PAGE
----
By Eunice Hoolihan, MD
What is asthma?
Asthma is a chronic lung disease that affects 26 million Americans. Of those, 20 million are adults and 6 million are children. An estimated 1 in 12 people have asthma. This condition accounts for millions of school days missed a year and workday absences.
Asthma is defined as a chronic disease involving the airways of the lungs, called Bronchus and Bronchioles. In patients with asthma, these bronchial tubes become inflamed, and the muscle around them can tighten causing symptoms such as coughing, wheezing and shortness of breath.
What are the symptoms of asthma?
Asthma symptoms include dry cough, wheezing, shortness of breath, chest tightness and chest pressure.
There are several conditions that may mimic asthma, such as foreign body aspiration, gastroesophageal reflux disease (GERD) and obesity. In children, cystic fibrosis, bronchiectasis and vocal cord dysfunction may cause wheezing. In adults, chronic obstructive pulmonary disease (COPD) and congestive heart failure may also cause similar symptoms.
The most accurate diagnosis test for asthma is spirometry, but your doctor may order some labs and chest X-ray to rule out other conditions.
Also, allergic and fractional exhaled nitric oxide (FENO) tests are useful in diagnosing and treating allergic asthma.
The cause of asthma is unknown. It is more common in families with a history of eczema, atopic dermatitis and asthma. Symptoms may be triggered by environmental factors such as smoking, second-hand smoke, allergens, pollutants and viruses.
When symptoms are triggered by exercise, it is called exercise-induced asthma, and there are medications that can be given to prevent these so you can continue working out.
If asthma is triggered by allergens, it is called allergic asthma. In this case, allergen avoidance and medications may prevent symptoms.
Asthma symptoms may also be triggered by inhaling fumes, gases and dust at work. This is called occupational asthma. Removing the person from their place of work may resolve symptoms.
Asthma symptoms may be triggered by viruses and respiratory infections. A patient with asthma should get a flu vaccine annually and pneumonia vaccine as indicated.
Finally, asthmatic patients should avoid smoking, second-hand smoke and exposure to cold air (by covering nose and mouth with a scarf).
When treating asthma, your medical provider will discuss with you:
- Avoidance of triggers such as smoking, cold air, allergens, dust and fumes.
with medications, depending on the severity of your symptoms and your
Your provider will assess how severe your asthma is and inquire about daytime and nighttime symptoms and review your lung function test. Then, your treatment will be based on if your asthma symptoms are mild, moderate or severe, as well as intermittent or persistent.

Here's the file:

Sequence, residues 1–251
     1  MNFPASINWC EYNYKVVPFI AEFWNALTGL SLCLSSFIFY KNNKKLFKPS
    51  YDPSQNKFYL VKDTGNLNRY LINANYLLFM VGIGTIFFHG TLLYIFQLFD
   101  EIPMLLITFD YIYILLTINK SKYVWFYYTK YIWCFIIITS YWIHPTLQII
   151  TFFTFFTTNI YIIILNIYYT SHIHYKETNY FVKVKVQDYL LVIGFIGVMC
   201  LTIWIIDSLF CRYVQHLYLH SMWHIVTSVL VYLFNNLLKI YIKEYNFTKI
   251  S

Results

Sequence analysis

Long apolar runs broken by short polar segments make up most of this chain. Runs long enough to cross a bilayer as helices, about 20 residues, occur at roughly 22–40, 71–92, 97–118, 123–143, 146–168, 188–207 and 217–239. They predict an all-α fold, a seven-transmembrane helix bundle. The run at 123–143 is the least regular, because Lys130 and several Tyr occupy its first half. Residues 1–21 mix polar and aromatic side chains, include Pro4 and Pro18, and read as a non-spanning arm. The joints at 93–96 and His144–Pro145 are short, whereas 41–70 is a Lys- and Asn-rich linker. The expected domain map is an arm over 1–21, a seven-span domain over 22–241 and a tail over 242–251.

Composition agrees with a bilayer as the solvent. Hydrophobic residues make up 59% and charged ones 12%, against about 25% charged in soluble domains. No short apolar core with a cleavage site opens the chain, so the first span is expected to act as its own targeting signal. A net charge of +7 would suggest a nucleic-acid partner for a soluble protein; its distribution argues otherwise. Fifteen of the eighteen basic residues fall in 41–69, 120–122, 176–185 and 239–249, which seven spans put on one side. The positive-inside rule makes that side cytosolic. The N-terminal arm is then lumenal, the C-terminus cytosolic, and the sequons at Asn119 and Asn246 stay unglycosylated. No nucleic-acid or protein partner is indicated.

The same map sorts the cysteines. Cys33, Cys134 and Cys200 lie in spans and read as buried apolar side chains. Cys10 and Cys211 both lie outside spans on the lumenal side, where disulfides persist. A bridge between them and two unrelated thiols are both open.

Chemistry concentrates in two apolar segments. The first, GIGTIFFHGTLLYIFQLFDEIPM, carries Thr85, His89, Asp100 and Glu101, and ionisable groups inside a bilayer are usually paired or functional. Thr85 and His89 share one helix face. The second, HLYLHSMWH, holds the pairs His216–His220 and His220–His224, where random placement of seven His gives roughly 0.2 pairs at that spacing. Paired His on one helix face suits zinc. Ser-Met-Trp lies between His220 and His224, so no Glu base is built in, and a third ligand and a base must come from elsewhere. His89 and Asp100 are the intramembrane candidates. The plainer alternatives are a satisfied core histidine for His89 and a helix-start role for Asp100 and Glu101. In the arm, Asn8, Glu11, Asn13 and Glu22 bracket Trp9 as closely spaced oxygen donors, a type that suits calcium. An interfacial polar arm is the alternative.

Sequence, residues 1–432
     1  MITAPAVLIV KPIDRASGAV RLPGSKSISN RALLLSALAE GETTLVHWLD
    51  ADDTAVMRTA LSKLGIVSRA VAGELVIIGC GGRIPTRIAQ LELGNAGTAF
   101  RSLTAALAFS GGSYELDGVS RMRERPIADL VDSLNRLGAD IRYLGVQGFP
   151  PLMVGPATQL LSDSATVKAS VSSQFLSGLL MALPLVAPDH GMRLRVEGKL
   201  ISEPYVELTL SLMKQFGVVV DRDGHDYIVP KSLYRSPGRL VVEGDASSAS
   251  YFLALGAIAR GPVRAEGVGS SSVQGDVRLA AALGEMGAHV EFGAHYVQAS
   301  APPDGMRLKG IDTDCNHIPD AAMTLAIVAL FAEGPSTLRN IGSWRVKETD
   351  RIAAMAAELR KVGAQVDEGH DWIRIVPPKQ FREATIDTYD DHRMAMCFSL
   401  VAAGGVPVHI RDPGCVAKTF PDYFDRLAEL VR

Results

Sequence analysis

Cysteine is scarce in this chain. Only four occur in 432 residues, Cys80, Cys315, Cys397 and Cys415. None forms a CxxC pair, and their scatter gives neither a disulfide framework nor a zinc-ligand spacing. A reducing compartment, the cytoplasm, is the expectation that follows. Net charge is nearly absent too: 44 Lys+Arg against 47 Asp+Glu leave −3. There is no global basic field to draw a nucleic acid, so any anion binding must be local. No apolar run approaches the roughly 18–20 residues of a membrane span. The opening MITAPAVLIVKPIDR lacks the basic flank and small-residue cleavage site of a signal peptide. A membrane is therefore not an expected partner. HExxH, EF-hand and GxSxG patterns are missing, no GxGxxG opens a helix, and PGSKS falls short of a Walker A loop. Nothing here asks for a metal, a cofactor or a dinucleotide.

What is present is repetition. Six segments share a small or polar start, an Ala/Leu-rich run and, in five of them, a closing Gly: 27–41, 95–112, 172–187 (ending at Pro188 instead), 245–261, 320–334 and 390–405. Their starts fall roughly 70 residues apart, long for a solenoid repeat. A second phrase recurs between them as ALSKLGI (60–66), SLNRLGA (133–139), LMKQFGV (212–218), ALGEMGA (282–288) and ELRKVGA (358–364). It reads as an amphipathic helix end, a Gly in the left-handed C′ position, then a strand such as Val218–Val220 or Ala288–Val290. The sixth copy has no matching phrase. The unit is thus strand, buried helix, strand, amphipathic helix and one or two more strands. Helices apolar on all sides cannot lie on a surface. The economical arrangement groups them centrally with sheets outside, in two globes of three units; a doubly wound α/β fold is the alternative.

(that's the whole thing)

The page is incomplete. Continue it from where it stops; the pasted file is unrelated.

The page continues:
Your provider may create a plan to assist you with how to treat your asthma exacerbations and when you need to be seen for treatment.
Asthma treatments include:
- Rescue medication, called short-acting bronchodilators (short acting beta agonists, or SABA), to be used during asthma exacerbations only when you have symptoms. They come as inhalers or solutions for a nebulizer
- Preventive medication, also called maintenance medication, to prevent asthma symptoms. This will not treat your symptoms of coughing and wheezing right away but will prevent them for happening. These medications include:
- Inhaled corticosteroids, inhaled long-acting
beta-agonist and combos of both. Inhaled corticosteroids
can be used with a nebulizer.
- Leukotriene modifiers come as
chewables, tablets and granules and are especially helpful in allergic
- Methylxanthines, such as theophylline, come in liquid, tablets and capsules.
- Immunomodulators, known as omalizumab, for children over 12 years and adults, are a monthly or bimonthly injection. These are helpful for allergic asthma.
- Systemic steroids come in liquids, capsules or tablets.
- Cromolyn is to be used with a nebulizer.
Dr. Hoolihan is a Family Medicine
Specialist for Nuvance Health who is bilingual in English and Spanish. She sees
patients in Millbrook and now LaGrange. To visit, call (888) 525-HQMP (4767).
The Content is not intended to be a substitute for professional medical advice, diagnosis, or treatment. Always seek the advice of your physician or other qualified health provider with any questions you may have regarding a medical condition.